Victor E. Reichert met Robert Frost (pictured) almost 75 years ago at a reading in Cincinnati and saved thousands of items from their friendship, including letters between the two. Reichert's son Jonathan donated the memorabilia to the University of Buffalo.

Robert Frost memorabilia goes on display fifty years after poet's death

A collection of Frost memorabilia will be displayed at the University of Buffalo and will run until March 29.

Fifty years after the death of Robert Frost, one of America’s most well-known and beloved literary voices, a rare collection of Frost memorabilia is going on display at the University of Buffalo

The Victor E. Reichert Robert Frost Collection, a treasure trove of letters, recordings, photos, and other items collected over the course of a 24-year friendship between Frost and a Cincinnati rabbi, opens this week at the University of Buffalo.

Nearly 75 years ago, Frost and Rabbi Victor E. Reichert met at a reading in Cincinnati and spent summers together in Vermont, where the Reicherts had a summer home, sharing talks and hiking excursions. Over the years, the pair forged a friendship build on literature, philosophy, and religion. During the course of that friendship, the star-struck Reichert, who was nearly 60 years younger than Frost, saved thousands of Frost-related items, including books with personal messages or quotes from Frost poetry, gifted to Reichert family members; more than 60 photographs of Frost at ceremonies, public events, and in private settings; some 600 newspaper and magazine clippings about Frost; rare Frost chapbooks and holiday publications; and handwritten letters between Frost and Reichert.

Upon his death, Rabbi Reichert left the treasured memorabilia with his son, Jonathan F. Reichert, a retired physics professor who taught for three decades at the University of Buffalo. Reichert, now 81, donated the items to the university just in time for an anniversary display of Frost, who died 50 years ago this month at the age of 88.

“I wanted the friendship of my father with Frost to be part of history,” Reichert told the Buffalo News. “Because I saw it. I know it changed Frost.”

The collection is a major acquisition for the university and vaults it into the top Frost archives and collections in the country. It also sheds new light on the beloved poet famous for such poems as “Stopping by the Woods on a Snowy Evening” and “The Road Not Taken.” In particular, the collection offers new insights into Frost’s views on religious beliefs, a topic that until now has stumped Frost experts. Frost and Reichert shared discussions about the New and Old Testaments as well as personal tragedies, including the deaths of Frost’s wife and children.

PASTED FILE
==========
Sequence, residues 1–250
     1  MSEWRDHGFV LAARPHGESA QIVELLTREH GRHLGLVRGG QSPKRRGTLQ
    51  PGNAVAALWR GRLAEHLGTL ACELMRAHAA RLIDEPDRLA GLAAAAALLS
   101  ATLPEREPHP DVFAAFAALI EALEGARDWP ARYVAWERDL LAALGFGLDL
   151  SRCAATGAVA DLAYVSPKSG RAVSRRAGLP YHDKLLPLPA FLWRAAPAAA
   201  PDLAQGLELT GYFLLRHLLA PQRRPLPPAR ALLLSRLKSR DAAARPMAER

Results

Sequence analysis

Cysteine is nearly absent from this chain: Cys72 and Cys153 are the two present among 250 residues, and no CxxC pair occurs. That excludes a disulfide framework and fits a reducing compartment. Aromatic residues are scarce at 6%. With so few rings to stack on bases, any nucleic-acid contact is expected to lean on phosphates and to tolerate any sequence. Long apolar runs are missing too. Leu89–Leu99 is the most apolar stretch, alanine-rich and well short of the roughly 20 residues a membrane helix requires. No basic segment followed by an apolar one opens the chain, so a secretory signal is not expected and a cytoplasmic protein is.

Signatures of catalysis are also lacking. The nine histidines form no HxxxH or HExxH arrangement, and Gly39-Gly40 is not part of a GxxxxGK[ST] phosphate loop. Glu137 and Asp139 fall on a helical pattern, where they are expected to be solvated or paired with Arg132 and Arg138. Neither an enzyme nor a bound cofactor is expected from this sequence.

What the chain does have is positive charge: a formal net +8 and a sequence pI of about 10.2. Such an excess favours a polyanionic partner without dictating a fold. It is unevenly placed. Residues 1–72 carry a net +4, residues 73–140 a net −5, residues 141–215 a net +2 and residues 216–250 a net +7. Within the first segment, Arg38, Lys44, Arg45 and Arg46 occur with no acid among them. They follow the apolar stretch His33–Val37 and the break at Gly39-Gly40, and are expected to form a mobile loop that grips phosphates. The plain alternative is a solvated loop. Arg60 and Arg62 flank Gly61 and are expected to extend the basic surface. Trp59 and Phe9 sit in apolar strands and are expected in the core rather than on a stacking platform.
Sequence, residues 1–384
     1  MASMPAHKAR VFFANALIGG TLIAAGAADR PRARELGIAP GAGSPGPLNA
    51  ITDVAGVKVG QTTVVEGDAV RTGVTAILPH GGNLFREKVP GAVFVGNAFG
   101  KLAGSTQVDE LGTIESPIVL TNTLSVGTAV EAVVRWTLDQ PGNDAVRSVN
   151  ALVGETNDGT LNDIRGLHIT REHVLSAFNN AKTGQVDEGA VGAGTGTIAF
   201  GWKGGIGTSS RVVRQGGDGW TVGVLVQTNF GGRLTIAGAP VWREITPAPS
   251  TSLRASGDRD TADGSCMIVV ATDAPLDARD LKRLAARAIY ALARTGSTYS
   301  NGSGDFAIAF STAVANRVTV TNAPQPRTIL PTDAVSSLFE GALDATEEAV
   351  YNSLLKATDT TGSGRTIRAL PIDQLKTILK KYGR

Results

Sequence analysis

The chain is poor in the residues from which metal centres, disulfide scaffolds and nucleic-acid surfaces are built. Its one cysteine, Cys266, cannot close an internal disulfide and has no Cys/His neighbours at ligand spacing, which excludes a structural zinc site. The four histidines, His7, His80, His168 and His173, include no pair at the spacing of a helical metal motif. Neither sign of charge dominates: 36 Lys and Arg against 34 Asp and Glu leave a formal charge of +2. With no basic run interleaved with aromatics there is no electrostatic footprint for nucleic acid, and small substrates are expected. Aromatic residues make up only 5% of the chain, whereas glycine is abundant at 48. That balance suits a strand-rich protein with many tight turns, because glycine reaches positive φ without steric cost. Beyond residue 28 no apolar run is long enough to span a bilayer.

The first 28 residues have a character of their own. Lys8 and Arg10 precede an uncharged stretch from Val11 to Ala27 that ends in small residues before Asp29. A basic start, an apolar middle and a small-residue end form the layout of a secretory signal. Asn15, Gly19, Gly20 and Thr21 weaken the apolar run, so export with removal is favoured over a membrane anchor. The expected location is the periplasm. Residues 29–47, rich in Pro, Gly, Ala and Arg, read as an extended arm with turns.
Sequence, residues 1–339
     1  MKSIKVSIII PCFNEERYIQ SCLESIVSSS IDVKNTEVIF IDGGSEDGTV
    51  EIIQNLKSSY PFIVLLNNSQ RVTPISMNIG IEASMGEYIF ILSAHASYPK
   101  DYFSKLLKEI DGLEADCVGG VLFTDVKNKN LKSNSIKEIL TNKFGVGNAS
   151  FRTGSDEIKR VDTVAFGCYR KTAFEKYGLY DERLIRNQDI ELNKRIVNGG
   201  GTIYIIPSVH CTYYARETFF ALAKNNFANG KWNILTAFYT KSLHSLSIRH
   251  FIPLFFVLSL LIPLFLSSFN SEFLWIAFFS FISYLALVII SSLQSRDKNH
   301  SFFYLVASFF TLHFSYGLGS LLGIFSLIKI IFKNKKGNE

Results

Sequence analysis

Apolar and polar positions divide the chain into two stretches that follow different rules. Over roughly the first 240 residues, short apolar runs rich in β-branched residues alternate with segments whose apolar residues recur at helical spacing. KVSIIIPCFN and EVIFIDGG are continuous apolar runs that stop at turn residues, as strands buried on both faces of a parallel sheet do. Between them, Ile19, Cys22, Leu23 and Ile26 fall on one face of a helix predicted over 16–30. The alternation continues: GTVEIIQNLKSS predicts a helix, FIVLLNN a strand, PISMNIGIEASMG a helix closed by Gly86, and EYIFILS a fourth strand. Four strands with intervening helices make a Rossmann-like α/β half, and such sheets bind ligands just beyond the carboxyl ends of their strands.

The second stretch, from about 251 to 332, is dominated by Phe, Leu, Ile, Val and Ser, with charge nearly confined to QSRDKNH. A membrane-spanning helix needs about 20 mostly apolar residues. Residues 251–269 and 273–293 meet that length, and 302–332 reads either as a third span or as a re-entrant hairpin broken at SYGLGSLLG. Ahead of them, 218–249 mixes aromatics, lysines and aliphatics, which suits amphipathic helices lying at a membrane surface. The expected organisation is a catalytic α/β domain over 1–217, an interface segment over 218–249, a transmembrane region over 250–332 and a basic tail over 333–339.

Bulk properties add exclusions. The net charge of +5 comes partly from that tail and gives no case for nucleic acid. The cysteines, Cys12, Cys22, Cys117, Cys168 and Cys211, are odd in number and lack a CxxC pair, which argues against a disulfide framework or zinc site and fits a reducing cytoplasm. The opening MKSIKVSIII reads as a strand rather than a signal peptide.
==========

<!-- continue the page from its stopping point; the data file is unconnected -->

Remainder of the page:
“There is not the slightest doubt in my mind about the deep, deep religious nature of Robert Frost,” Reichert once wrote in his notes on Frost. He said Frost once summarized his faith by calling himself an “Old Testament Christian.”

“He saw that the laws that Judaism had built up really were not the essence, and that Jesus was a great prophet, rather than seeing Jesus as the son of God, or the savior," Reichert told NPR. "That's how I interpret what he meant when he said, 'I'm an Old Testament Christian.’”

The pair’s relationship is captured in a 1994 book, “The Poet and the Rabbi,” by Andrew Marks.

Frost, along with his relationship with Reichert, and his views on religion, will gain fresh attention with his 50th anniversary exhibit at the University of Buffalo.

The exhibit will run from 9 AM to 5 PM weekdays from Jan. 31 through March 29.

Husna Haq is a Monitor correspondent.

You've read  of  free articles. Subscribe to continue.

Dear Reader,

About a year ago, I happened upon this statement about the Monitor in the Harvard Business Review – under the charming heading of “do things that don’t interest you”:

“Many things that end up” being meaningful, writes social scientist Joseph Grenny, “have come from conference workshops, articles, or online videos that began as a chore and ended with an insight. My work in Kenya, for example, was heavily influenced by a Christian Science Monitor article I had forced myself to read 10 years earlier. Sometimes, we call things ‘boring’ simply because they lie outside the box we are currently in.”

If you were to come up with a punchline to a joke about the Monitor, that would probably be it. We’re seen as being global, fair, insightful, and perhaps a bit too earnest. We’re the bran muffin of journalism.

But you know what? We change lives. And I’m going to argue that we change lives precisely because we force open that too-small box that most human beings think they live in.

The Monitor is a peculiar little publication that’s hard for the world to figure out. We’re run by a church, but we’re not only for church members and we’re not about converting people. We’re known as being fair even as the world becomes as polarized as at any time since the newspaper’s founding in 1908.

We have a mission beyond circulation, we want to bridge divides. We’re about kicking down the door of thought everywhere and saying, “You are bigger and more capable than you realize. And we can prove it.”

If you’re looking for bran muffin journalism, you can subscribe to the Monitor for $15. You’ll get the Monitor Weekly magazine, the Monitor Daily email, and unlimited access to

QR Code to Robert Frost memorabilia goes on display fifty years after poet's death
Read this article in
QR Code to Subscription page
Start your subscription today